What are HEAL Farm Markets in Allen County?
When Gonzalee Martin and Laura Dwire joined forces in 2014, neither one imagined the impact that an urban garden and a handful of farm markets would have on Allen County. But today, five years later, their efforts are enabling more than 1,200 families to put nutritious food on their dinner tables and live healthier lives.
During summer months, the duo and their helpers scramble to set up tents, tables, chairs, and cashier stations for weekly pop-up markets. The result is a steady flow of customers who leave with bags of low-cost plums, tomatoes, cabbage, squash, corn, and other fresh produce—often locally grown in northeast Indiana.
Despite the work—not to mention the heat—Martin and Dwire say the rewards of running HEAL Farm Markets are worth it. HEAL (which stands for Healthy Eating Active Living) operates markets in food deserts across Fort Wayne, or areas that have low access to healthy food or grocery stores.
Early data shows the markets are already stirring subtle changes in the community. In 2018, 81 percent of patrons who participated in onsite surveys ate more fresh produce after the markets opened, according to the St. Joe Foundation. Also, 80 percent of those surveyed said the markets increased their hope in the surrounding neighborhoods.
“Working on the HEAL program has been the most meaningful work I have ever performed,” says Dwire, St. Joe Foundation’s Community Programs Manager, who oversees market operations. “Seeing the gratefulness of our market customers and hearing their stories is transforming.”
The St. Joe Foundation has sponsored a series of urban farming projects for more than a decade, but HEAL markets are the agency’s latest endeavor. Martin was an easy choice to manage the agricultural side of the program. He has bachelor’s and master’s degrees in agricultural economics and is now a retired agricultural educator for Allen County Purdue Extension.
About 20 years ago, Martin started GATE (Growth in Agriculture Through Education), a program that exposes youth to the business side of farming.
GATE teens now help pick crops at Martin’s urban garden on Slataper Street. Then they sell the vegetables and fruits providing the majority of the produce at HEAL markets near McCormick Place Apartments, Parkview Health Greenhouse, and Trinity English Lutheran Church. Other farmers partner with Martin and HEAL at these markets and at the South Side Market.)
“HEAL has kept my mission alive to educate youth about farming and to serve the community through agriculture,” Martin says.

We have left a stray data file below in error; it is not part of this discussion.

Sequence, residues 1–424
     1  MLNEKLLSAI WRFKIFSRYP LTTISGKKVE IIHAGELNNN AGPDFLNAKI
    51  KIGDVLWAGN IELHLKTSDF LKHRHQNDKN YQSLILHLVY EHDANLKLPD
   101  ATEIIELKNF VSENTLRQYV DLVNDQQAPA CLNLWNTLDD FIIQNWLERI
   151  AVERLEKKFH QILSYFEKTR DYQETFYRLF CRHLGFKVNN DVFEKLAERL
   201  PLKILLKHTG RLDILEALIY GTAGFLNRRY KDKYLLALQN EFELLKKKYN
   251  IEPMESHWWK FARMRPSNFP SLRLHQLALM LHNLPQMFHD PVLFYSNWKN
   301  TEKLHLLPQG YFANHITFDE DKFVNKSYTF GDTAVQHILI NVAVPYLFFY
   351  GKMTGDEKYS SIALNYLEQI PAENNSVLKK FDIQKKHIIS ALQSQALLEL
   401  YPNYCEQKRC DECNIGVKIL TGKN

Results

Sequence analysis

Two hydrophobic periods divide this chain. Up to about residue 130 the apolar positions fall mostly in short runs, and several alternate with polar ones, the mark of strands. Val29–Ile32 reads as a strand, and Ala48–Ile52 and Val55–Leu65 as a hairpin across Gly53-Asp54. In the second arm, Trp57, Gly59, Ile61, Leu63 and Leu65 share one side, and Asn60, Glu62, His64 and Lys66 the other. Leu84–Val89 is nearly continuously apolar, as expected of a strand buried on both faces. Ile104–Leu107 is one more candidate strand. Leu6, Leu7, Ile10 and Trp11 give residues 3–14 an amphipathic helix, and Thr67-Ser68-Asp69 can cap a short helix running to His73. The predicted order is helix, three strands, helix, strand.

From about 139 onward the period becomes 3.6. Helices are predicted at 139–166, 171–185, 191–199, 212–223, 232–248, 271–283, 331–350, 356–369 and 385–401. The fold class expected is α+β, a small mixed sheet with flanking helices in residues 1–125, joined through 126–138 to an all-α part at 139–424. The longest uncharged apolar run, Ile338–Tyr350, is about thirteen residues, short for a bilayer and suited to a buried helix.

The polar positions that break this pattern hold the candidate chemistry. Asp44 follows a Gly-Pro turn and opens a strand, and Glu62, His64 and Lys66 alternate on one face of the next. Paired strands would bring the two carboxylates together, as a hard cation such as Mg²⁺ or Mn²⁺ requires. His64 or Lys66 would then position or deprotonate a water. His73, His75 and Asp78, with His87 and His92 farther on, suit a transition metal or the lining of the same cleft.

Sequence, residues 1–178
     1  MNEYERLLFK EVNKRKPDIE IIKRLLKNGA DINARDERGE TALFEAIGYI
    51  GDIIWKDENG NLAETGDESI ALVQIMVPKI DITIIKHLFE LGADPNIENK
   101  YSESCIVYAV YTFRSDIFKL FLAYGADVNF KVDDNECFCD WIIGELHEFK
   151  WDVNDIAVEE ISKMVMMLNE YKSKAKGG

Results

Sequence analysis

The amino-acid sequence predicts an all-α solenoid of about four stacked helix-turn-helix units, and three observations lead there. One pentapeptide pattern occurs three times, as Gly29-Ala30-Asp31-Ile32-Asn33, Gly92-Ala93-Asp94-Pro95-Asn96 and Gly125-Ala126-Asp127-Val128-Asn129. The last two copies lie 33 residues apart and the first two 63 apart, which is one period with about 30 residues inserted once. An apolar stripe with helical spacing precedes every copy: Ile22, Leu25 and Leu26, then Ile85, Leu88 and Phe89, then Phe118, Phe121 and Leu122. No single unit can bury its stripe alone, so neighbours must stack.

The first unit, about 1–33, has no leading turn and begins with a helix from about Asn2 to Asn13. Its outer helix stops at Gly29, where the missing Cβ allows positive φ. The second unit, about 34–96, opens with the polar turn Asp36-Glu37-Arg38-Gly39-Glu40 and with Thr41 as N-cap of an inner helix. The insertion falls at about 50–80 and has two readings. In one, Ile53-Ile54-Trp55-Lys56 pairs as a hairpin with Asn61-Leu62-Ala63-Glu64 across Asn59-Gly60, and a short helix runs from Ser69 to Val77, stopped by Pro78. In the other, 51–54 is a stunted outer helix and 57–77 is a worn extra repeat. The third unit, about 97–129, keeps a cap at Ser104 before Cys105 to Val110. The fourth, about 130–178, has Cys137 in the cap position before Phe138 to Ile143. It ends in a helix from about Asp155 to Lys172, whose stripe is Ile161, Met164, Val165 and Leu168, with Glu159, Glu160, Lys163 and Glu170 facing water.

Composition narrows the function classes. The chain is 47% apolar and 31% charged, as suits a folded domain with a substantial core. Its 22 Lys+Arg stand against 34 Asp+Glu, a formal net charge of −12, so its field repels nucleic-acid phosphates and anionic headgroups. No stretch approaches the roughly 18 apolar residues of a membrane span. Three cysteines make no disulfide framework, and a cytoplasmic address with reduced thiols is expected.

The Northeast Indiana Farmers Market Guide lists about two dozen farm markets and farm stands. But HEAL’s four locations stand apart, largely due to their low prices and special “double-up” program.
This program allows HEAL to double the value of purchases for people in the federal government’s Supplemental Nutrition Assistance Program (SNAP) and those using produce vouchers issued through the state’s Women, Infants, and Children (WIC) program or Aging and In-Home Services.
Research shows that this economic boost is necessary to give more people access to nutritious food.
A Vulnerable Populations Study in 2018 revealed that 110,000 people—roughly one-third of Allen County’s population—live in food deserts. The research was commissioned by the St. Joe Foundation and conducted by Purdue University Fort Wayne’s Community Research Institute. The study detailed the extent of economic and transportation barriers that keep people from eating healthy.
Some patrons have also expressed their gratitude.
“Shopping at your market and getting double the voucher has made a big impact on my life,” wrote Meredith Ashe, a senior on a fixed income, in a note. “There wasn’t any money this month for fresh fruit and vegetables. Thanks to your program, I now have them.”
And consumers aren’t the only ones who benefit from HEAL markets. Jack and Ann DeGrandchamp are among the farmers who participate in HEAL’s double-up system, selling their produce at the South Side Market. While the location is not a weekly pop-up, HEAL cashiers manage the double-up system there, too, allowing customers to walk away with twice as much food, while the matching program pays farmers for the added produce.
“It seems like a win-win situation for everybody,” Jack says. “We can plant more. We can bring more. We can sell more.”
Dwire steers HEAL’s partnership with area farmers. She came aboard after successfully working on other community projects with the St. Joseph Community Health Foundation.
“I was hesitant at first,” she says. “I grew up in the city and had very little knowledge of agriculture.”
Now Dwire is a certified Market Master, a member of the Food Council of Northeast Indiana, and a member of the Community Harvest Food Bank AG Committee. The experience has taught her much.
“I knew how to feed people after seven years on the board for Community Harvest,” she says. “But I didn’t know how to nurture people by addressing barriers and giving access to healthy foods. Now, I have that opportunity every day.”
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